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What Is Ibogaine?

Extracted from the Iboga tree endemic to the region of Gabon and the Congo Basin, ibogaine is one of the most important alkaloid molecules found in its bark, in terms of its therapeutic effects on the body. What makes ibogaine of interest is its natural psychoactive component which, when properly administered and supervised, has increasingly been proven to assist in recovery from drug addictions.


In 1901 J. Dybowski and E. Landrin first isolated Ibogaine from the root of the shrub, and from the 1930s right up until the 60s, it was promoted as both physical tonic and stimulant, as well as being prescribed for the treatment of depression and convalescence under the brand name “Lambaréne,” being favoured among athletes of the time for its energising properties.

During the 1950s, in the US, pharmacologist Harris Isbell was the first to attempt to patent ibogaine as a viable treatment for substance abuse on account of its anti addictive properties.It would not be until the 1960s, through the work of Chilean psychotherapist Claudio Naranjo that the healing psychological properties of ibogaine would be more comprehensively studied and developed. Thanks to a scholarship, Naranjo would become a visiting scholar at Harvard, where he began his research on ibogaine’s uses in psychotherapy, studying its role in the retrieval of long-term memory, and closure of unresolved emotional traumas.


In 1962, at the age of 19, Howard Lotsof, who would later become a scientific researcher was addicted to heroin and tried ibogaine in search of a new drug. Much to his surprise, he discovered that his cravings for and dependence to heroin were quickly attenuated by ibogaine. It would not be until 1985, however, that he would successfully patent ibogaine as a treatment for chemical dependencies.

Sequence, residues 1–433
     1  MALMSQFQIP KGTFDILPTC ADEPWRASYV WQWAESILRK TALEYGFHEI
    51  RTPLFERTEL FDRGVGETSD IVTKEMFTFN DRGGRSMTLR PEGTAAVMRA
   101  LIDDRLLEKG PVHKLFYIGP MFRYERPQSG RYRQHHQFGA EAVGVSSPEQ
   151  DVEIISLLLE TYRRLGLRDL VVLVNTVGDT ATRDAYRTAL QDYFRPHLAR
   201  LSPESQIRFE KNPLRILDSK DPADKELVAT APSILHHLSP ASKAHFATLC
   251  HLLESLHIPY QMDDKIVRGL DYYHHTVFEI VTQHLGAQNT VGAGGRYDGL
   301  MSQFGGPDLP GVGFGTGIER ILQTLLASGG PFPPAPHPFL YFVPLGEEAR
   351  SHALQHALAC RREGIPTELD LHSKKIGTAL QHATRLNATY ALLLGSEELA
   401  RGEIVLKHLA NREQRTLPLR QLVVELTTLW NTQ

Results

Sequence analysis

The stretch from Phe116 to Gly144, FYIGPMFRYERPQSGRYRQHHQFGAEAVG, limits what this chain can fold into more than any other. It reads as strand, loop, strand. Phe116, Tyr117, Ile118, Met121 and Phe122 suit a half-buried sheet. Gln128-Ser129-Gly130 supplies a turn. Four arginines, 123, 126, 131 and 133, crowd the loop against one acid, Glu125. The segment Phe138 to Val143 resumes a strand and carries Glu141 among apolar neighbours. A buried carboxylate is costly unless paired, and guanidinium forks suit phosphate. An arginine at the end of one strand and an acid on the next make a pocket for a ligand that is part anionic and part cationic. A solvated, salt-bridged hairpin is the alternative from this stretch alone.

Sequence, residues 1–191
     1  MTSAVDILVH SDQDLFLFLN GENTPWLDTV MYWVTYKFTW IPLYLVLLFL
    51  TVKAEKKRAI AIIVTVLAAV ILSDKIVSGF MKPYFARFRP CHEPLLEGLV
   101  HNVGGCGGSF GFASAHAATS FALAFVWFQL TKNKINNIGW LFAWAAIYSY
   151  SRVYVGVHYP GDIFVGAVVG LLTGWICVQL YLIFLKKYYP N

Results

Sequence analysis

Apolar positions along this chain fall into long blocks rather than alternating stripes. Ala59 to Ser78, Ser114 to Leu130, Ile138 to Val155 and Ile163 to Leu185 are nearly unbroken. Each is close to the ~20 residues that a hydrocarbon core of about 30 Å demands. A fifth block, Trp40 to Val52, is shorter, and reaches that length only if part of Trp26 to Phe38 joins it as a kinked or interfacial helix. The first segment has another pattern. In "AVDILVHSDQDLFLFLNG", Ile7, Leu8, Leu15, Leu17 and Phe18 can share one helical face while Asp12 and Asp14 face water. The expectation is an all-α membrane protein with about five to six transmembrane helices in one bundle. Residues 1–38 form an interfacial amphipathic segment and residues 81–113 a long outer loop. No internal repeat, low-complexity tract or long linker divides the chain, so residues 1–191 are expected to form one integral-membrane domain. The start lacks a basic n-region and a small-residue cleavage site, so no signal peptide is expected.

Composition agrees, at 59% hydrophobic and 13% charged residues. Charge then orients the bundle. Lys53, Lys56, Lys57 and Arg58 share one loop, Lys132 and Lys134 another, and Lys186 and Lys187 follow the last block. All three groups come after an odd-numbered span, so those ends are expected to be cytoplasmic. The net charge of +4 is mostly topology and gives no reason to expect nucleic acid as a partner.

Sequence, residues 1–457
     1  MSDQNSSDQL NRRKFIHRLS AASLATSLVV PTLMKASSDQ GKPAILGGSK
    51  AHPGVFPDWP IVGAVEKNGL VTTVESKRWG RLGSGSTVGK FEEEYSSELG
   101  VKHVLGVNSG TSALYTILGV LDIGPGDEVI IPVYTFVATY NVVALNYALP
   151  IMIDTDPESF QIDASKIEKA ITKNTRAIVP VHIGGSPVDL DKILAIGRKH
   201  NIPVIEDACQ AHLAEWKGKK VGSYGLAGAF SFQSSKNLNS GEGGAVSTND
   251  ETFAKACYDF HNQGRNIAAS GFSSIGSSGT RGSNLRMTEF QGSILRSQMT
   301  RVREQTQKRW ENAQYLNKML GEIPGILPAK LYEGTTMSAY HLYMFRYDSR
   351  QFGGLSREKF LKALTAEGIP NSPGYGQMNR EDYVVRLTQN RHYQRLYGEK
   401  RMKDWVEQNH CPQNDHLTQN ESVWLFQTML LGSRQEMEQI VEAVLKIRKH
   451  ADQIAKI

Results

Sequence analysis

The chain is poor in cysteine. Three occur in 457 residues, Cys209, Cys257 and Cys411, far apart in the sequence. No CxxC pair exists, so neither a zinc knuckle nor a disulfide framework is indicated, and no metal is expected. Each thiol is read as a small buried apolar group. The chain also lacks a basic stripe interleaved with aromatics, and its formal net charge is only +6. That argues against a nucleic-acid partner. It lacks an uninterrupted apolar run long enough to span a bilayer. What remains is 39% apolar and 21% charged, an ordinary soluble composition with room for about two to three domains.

In the 1990s, also in the US, the National Institute on Drug Abuse had begun to consider it as a viable treatment, but research was stopped, and it was soon after classed as a Schedule I drug with potential for abuse.


Although ibogaine is yet to be approved by the Food and Drug Administration in the US, where it is still classed as a Schedule I drug on the grounds that it has a potential to be abused. The hypocrisy in this kind of legislation needs to be highlighted, considering the sheer amount of Big Pharma profits made from highly addictive pharmaceutical drugs, America being a nation rife with legal, physician approved prescriptions of heavily addictive opiates such as Oxycontin, Percocet, Fentanyl and others.


In the late 1990s, in what is known today as a gross instance of misconduct, leading pharmaceutical companies falsely reassured the medical profession that some of the pain relievers mentioned above were not addictive, eventually going as far as handing out bonuses to physicians prescribing them.


Based on the statistics from the U.S. Department of Health, we can see the shocking figures: in 2019 alone, 10.1 million people has misused prescription opioids; 1.6 million people had an opioid use disorder in that same year; and, more shocking than this, is the fact 48,006 people died from synthetic opioid overdoses (compared to only 14,480 people overdosing due to illegal heroin.)


It is not only as ironic as it is incongruent, therefore, that the country that most needs a well-researched, holistic cure for opiate addiction is also the country whose corporations such as Purdue Pharma (now facing bankruptcy and legal dissolution) have profited the most from addiction.


“Purdue has generated more than $35 billion in revenue since bringing OxyContin to market. Purdue has been owned by the Sackler family since 1952. The Sackler family has profited enormously from the OxyContin business. Since bringing this painkiller to market, the family has withdrawn more than $10 billion from the company. Purdue has now admitted that after it got caught in 2007, after it pled guilty and paid a fine, it continued to commit crimes for another decade, like nothing happened.”

In 2009 a study was conducted by the Multidisciplinary Association for Psychedelic Studies (MAPS) at the Ibogaine Association at Playas de Tijuana in Mexico, where ibogaine is neither a scheduled substance nor regulated.